By Adedapo Adesanya
As economies faced the downturn of the coronavirus pandemic, the World Bank has disclosed that remittance inflows into Nigeria declined by 28 per cent in 2020 to $17.2 billion.
The Bretton Wood Institution also said remittance flows fell for Sub-Saharan Africa by 12.5 per cent, according to its Migration and Development Brief 33 Phase 11 report titled COVID-19 Crisis Through a Migration Lens published on Thursday.
The report said the decline in remittance flows to Nigeria was largely responsible for the fall in remittance flows to Sub-Saharan Africa as it alone accounted for over 40 per cent of remittance flows to the region.
“The decline inflows to Sub-Saharan Africa was almost entirely due to a 28 per cent decline in remittance flows to Nigeria.
“Excluding flows to Nigeria, remittances to Sub-Saharan Africa increased by 2.3 per cent, demonstrating resilience,” the report stated.
“Remittance flows to the region were affected by the COVID-19 pandemic, in particular by restricted mobility measures and the employment situation in the main host countries,” it added.
But the World Bank is projecting that in 2021, remittance flows to the region will rise by 2.6 per cent ($43 billion) and 1.6 per cent ($44 billion) in 2022.
It predicted that “remittances are expected to be supported by improving growth prospects in the United States and other high-income host countries.”
Globally, in 2020, officially recorded remittance flows to low- and middle-income countries reached $540 billion, only 1.6 per cent below the $548 billion seen in 2019.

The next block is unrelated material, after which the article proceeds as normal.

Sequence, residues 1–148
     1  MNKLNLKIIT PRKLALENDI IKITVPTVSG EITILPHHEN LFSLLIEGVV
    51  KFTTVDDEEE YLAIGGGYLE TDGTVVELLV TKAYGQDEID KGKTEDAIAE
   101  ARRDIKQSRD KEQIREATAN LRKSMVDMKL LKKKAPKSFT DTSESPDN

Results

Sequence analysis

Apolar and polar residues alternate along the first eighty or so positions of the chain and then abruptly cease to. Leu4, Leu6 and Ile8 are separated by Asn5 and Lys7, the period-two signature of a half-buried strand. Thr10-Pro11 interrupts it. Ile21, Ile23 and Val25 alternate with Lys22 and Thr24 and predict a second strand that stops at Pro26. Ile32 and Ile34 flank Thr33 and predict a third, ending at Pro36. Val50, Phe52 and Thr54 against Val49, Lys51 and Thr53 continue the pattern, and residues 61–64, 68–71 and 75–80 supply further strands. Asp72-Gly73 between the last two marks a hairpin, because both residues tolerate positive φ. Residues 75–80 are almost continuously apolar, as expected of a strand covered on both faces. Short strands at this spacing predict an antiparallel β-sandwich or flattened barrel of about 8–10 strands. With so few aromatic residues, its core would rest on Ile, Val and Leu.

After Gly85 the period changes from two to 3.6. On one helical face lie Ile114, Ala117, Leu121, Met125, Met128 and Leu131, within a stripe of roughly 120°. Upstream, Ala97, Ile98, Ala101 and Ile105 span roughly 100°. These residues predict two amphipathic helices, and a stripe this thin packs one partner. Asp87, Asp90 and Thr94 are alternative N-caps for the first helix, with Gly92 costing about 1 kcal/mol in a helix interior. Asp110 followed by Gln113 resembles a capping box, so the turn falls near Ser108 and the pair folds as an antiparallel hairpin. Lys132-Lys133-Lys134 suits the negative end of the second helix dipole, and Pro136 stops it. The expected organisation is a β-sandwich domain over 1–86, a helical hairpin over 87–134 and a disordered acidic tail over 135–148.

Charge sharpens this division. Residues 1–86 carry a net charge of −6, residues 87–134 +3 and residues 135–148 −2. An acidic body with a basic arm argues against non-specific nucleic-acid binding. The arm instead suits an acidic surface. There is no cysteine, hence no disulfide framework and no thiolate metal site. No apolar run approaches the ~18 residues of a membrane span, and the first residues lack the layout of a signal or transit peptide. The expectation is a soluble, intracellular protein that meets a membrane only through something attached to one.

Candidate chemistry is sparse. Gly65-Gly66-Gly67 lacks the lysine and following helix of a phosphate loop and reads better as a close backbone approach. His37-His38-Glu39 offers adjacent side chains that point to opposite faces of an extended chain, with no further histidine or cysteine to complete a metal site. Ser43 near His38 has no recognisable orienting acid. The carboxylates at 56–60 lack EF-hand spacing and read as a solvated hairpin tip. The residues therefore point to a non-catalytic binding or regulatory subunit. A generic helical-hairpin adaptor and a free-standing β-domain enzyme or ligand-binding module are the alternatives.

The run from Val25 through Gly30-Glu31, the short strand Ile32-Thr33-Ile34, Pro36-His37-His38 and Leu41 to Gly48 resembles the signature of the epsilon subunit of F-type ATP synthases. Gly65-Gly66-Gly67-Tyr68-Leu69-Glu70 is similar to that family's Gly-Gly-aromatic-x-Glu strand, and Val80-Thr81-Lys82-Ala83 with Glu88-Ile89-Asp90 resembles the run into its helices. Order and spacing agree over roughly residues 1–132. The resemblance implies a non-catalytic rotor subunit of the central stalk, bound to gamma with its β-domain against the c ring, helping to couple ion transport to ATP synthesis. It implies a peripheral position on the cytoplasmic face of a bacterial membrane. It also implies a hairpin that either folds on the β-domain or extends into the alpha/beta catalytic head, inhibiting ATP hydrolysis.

Remittances exceeded foreign direct investment flows by a wider margin in 2020. Excluding China, remittance flows surpassed the sum of foreign direct investment and official development assistance.
Among regions, remittances to Latin America and the Caribbean grew by 6.5 per cent in 2020, supported by a recovering economy and moderately improving labour market in the United States.
In South Asia, there was a slight moderation in the growth of remittance flows in 2020, to 5.2 per cent, while flows to the Middle East and North Africa grew by a modest 2.3 per cent. Flows to Europe and Central Asia are estimated to have fallen by 9.7 per cent, to East Asia and the Pacific by 7.9 per cent.
In 2020, in current US dollar terms, the top five remittance recipient countries were India, China, Mexico, the Philippines, and the Arab Republic of Egypt. India has been the largest recipient of remittances since 2008.
As a share of gross domestic product (GDP), the top five remittance recipients in 2020 were, by contrast, smaller economies: Tonga, Lebanon, Kyrgyz Republic, Tajikistan, and El Salvador.
The United States was the largest source country for remittances in 2020, followed by the United Arab Emirates (UAE), Saudi Arabia, and the Russian Federation.